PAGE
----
Hamilton Utilities Newsletter Second Quarter, 2015 - In This Issue:


The City of Hamilton's comprehensive energy efficiency and conservation program, Efficiency Smart, is off to a successful start since its February 3, 2015 launch. During the program's first four months, Hamilton electric customers have saved an estimated 485,000 kilowatt-hours (kWh) through energy efficiency upgrades. Estimated Total Lifetime Customer Savings associated with these upgrades is $820,986 for commercial customers and $58,543 for residential customers. Total estimated Lifetime Customer Savings through these energy-saving improvements is $879,529. Customer savings through the first four months of the program already exceed the annual Efficiency Smart program participation cost.


Efficiency Smart provides Hamilton residential, commercial, and industrial electric customers with technical assistance and financial incentives for energy-saving improvements. Additional information on how the Efficiency Smart program can save you money at your home or business is available by visiting www.efficiencysmart.org.




Meldahl Hydroelectric Power Plant

The City of Hamilton and its partner American Municipal Power Inc. (AMP) have begun commissioning activities at the Meldahl Hydroelectric Plant on the Ohio River.  The commissioning process includes inspecting and testing all installed plant operating equipment and systems to ensure proper operation.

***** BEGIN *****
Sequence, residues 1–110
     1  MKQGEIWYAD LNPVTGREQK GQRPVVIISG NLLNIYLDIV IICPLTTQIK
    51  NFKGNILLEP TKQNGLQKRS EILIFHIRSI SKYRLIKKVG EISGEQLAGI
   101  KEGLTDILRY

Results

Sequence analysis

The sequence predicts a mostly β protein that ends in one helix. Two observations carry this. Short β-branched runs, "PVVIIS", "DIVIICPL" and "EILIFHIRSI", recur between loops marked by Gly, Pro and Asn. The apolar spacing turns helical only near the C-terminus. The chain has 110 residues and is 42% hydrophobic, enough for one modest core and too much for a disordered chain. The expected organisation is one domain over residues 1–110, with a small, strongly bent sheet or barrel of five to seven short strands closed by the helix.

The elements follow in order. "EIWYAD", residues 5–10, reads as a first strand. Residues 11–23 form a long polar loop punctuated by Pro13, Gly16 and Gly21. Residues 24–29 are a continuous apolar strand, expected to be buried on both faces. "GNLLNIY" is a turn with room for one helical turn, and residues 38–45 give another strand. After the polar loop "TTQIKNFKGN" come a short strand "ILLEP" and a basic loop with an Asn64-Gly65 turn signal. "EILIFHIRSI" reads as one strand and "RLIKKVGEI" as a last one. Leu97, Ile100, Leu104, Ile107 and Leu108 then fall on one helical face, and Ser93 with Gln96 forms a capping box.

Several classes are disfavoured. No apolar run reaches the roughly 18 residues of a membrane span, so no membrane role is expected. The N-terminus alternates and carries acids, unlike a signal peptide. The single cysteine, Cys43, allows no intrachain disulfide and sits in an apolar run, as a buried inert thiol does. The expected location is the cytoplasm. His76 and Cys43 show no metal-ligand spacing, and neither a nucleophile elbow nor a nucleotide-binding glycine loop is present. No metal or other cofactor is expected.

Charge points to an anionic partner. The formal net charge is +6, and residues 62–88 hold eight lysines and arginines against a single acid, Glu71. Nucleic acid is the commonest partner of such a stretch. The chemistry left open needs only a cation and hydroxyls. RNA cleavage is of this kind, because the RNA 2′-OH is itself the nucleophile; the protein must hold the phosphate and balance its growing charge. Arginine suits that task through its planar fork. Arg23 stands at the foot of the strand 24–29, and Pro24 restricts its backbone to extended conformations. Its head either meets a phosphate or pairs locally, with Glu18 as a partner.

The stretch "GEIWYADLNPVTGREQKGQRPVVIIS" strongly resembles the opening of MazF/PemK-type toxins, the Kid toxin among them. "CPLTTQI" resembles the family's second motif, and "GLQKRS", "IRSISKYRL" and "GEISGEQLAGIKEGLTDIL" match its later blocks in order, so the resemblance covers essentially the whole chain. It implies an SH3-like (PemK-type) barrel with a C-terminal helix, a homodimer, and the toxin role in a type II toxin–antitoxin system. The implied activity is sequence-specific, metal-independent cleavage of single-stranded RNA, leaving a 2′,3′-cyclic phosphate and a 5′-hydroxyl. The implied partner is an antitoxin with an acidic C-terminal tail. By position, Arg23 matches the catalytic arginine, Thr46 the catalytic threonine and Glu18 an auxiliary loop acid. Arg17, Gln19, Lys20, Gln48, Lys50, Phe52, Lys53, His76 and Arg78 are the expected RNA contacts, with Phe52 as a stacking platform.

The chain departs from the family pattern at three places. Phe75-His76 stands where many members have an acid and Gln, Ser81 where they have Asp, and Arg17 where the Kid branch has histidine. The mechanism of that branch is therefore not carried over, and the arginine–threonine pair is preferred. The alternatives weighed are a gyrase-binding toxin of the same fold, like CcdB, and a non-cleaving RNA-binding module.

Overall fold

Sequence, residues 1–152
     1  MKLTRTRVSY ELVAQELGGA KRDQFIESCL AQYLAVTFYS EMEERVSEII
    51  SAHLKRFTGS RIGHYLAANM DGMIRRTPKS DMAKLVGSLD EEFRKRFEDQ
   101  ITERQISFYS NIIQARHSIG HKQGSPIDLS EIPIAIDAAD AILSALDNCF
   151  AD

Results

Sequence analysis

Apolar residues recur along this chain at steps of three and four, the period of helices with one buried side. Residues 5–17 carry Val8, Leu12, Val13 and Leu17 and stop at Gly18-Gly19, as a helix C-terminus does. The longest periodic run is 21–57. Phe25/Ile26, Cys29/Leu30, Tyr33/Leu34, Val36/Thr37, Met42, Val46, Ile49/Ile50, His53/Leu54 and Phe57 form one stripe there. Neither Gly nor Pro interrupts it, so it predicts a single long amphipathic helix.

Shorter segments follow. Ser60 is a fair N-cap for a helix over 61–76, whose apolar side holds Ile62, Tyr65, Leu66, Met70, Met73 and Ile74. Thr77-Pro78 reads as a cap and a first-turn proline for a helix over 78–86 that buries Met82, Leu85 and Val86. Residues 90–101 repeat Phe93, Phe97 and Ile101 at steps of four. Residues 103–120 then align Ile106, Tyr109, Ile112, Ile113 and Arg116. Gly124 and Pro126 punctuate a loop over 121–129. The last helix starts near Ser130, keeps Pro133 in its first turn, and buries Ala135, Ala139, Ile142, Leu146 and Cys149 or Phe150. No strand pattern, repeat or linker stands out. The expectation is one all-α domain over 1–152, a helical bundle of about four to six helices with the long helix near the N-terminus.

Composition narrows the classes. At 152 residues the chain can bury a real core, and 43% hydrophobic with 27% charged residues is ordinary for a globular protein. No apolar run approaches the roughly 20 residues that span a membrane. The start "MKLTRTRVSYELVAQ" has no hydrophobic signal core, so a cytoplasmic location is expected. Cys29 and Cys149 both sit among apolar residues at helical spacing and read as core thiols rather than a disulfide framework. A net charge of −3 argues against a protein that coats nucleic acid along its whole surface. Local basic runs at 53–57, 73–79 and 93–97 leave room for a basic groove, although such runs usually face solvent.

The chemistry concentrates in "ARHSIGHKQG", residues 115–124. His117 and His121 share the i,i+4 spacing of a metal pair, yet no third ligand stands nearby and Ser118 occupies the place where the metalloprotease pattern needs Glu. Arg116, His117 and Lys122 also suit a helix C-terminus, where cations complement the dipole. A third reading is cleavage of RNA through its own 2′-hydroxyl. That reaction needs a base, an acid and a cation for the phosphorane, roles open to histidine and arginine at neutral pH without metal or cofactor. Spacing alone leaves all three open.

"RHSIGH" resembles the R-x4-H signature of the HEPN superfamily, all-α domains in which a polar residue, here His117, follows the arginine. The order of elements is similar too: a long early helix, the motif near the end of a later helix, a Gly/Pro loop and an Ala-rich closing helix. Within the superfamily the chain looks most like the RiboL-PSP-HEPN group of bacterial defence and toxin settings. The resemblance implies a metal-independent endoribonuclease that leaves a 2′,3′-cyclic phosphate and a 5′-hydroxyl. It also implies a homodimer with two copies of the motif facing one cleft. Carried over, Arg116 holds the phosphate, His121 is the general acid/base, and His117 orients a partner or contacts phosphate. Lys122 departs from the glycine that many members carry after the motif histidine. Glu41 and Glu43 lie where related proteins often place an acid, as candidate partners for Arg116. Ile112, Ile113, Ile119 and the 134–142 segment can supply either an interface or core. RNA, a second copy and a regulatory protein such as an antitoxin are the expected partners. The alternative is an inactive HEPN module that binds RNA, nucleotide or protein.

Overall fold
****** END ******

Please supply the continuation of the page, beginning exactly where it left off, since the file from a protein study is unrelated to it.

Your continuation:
Commercial operation of the 105-megawatt (MW) hydroelectric plant is projected to begin in 2015. The City of Hamilton will operate and maintain the generating facility on behalf of American Municipal Power and participating AMP members.
Once Meldahl becomes fully operational, Hamilton owned and operated hydroelectric facilities  will provide local consumers approximately 453 million kWh of clean, renewable energy annually, enough to power approximately 45,000 homes.  Learn More

The Interceptor Sanitary Sewer and Water Reclamation Facility (WRF) projects, designed to help the City meet water quality regulations, continue along the Great Miami River. 


Recent project activities include repair of the Arch Street siphon, grading and seeding along the Great Miami River, and completion of the access road that ties into Phase Two of the Great Miami River Recreational Trail project. Read More


East High Street Gateway Improvement Project 

The East High Street Gateway Improvement Project, designed to improve traffic flow and safety, and to enhance the appeal of this highly visible entrance into Hamilton, continues. Overhead utility lines will be placed underground as part of the improvement.


Recent progress includes construction of the median hardscape, and installation of underground utility conduit and decorative light-emitting diode (LED) streetlights. Periodic lane restrictions will continue throughout the project. Motorists are encouraged to use alternate routes via Heaton Street, Dayton Street, and Maple Avenue during project construction.